Society

Death Toll Mounts: 500 Civilians Reported Dead, Many Buried Alive in Sinjar Mountains

| by Lina Batarags

Iraq’s minister for human rights has announced that 500 Yazidi civilians have been killed so far in the ISIS offensive against the Yazidi ethnic minority. Early reports indicate that they may have been buried alive.

Tens of thousands of the Kurdish-speaking refugees have been trapped in the Sinjar mountain range at the point of starvation.

The bodies of the 500 civilians were reportedly found in a mass grave in the wake of ISIS' push towards the mountain range.

Mohammed Shia al-Sudani indicated that his government had evidence that some of the civilians had been buried alive. He also noted that 300 additional Yazidi women have been kidnapped as slaves.

Popular Video

This judge looked an inmate square in the eyes and did something that left the entire courtroom in tears:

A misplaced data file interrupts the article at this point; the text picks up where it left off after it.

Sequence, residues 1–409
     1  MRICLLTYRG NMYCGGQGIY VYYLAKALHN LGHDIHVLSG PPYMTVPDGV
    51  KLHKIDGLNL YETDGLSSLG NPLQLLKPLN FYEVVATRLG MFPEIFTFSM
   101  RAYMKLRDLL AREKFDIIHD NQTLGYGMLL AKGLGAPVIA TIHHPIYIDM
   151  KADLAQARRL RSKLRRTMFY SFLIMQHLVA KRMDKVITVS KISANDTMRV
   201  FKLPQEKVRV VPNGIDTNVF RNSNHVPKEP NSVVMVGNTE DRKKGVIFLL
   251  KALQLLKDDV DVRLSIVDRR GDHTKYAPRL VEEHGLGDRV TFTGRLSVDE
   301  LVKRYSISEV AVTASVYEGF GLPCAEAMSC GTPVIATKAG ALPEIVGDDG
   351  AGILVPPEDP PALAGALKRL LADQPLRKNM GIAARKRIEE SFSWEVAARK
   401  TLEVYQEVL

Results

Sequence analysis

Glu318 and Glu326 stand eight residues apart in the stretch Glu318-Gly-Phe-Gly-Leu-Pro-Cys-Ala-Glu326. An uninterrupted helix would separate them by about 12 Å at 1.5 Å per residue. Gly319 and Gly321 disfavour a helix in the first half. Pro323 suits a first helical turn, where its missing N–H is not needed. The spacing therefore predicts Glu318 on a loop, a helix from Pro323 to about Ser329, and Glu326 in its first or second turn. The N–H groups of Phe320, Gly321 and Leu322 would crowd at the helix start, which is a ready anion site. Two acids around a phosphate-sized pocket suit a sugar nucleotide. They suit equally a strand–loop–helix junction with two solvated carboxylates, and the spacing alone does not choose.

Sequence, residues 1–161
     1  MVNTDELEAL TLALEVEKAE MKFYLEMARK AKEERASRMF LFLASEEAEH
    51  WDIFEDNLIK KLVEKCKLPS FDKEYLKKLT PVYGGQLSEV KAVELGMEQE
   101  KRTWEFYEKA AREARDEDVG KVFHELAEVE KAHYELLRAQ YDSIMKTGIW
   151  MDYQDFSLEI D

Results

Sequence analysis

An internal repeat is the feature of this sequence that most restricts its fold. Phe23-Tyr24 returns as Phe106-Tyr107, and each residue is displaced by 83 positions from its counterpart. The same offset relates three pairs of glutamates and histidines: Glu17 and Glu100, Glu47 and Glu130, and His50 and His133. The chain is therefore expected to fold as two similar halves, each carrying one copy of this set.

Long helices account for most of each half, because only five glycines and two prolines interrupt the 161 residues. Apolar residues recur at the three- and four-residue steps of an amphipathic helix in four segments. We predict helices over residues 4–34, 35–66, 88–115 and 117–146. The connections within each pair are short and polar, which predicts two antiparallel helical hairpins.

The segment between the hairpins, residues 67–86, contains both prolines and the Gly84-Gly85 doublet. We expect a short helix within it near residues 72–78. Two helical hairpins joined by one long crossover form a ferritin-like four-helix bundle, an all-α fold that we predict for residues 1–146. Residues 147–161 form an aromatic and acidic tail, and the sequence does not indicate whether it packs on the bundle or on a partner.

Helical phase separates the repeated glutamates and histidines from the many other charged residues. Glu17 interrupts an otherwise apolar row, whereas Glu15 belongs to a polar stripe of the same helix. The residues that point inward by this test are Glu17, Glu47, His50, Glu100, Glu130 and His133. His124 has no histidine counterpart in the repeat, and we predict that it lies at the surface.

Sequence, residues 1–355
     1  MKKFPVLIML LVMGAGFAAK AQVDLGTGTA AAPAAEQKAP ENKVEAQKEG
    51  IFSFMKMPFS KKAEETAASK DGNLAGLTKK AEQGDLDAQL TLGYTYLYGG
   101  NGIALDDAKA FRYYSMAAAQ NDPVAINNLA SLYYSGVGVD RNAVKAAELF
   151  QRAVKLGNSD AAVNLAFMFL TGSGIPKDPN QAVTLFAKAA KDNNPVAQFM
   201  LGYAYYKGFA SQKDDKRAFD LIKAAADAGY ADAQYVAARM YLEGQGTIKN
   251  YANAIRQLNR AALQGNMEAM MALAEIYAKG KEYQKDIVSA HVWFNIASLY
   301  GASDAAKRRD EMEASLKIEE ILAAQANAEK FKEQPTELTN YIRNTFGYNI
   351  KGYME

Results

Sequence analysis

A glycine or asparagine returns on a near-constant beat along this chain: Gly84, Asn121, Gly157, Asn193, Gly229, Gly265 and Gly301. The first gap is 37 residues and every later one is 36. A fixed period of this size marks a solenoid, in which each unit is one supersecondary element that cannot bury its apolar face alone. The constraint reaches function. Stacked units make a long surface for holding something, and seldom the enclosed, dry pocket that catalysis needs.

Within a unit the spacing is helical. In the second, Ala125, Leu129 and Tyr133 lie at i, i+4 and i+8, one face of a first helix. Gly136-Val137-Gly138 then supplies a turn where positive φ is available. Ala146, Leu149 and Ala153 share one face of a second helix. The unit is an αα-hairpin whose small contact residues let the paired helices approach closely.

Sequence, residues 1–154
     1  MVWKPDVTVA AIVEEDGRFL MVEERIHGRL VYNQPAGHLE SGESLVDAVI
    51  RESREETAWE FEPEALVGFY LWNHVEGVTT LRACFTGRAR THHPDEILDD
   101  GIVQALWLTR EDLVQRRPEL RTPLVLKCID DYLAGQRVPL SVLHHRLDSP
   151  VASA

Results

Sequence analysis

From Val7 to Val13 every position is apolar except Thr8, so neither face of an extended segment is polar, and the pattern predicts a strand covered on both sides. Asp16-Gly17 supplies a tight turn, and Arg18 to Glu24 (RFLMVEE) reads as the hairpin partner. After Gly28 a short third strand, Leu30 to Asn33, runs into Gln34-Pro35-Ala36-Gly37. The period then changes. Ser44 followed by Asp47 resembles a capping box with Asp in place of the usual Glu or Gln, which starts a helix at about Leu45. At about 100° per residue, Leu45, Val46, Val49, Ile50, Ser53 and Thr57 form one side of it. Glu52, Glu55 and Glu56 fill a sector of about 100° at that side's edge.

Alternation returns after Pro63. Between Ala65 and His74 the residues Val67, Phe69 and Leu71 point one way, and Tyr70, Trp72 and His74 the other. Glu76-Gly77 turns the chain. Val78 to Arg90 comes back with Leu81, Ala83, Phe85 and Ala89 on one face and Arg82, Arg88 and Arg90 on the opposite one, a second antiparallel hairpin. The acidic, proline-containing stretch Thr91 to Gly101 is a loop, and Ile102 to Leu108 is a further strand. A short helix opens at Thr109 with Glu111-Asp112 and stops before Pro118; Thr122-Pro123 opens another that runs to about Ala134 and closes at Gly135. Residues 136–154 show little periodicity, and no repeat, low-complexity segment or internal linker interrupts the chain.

Popular Video

This judge looked an inmate square in the eyes and did something that left the entire courtroom in tears:

The United Nations estimates that at least 56 children have died of dehydration alone in the Sinjar mountain camps.

On Saturday, Barack Obama said that action was needed to prevent more deaths and to provide humanitarian aid to the area.

Also on Saturday, U.S. Central Command said that it carried out four air strikes over Iraq, targeting ISIS militants even as the militants fired upon civilians.

Britain has also now intervened, making its first airdrop of humanitarian aid to the refugees in the mountain range.

A Downing Street spokesman said that British and American forces “agreed that the immediate priority is to get vital supplies to those trapped on Mount Sinjar and the U.K. will join the U.S. in delivering aid drops.”

“Both leaders also agreed that aid drops are not a long term solution, and that a way must be found to get these people to safety and to avert a genocide,” the spokesman continued.

As The Independent reports, the ISIS offensive against the Yazidi people has been described as “genocide in [both] the literal and legalistic sense.”

Yazidis are amongst Iraq’s smallest minorities and one of the oldest religious communities in the world. They have long suffered persecution; many Muslims refer to them as devil worshippers.

Sources: The Independent, News4Jax

Photo Sources: National Post, Daily Mail Online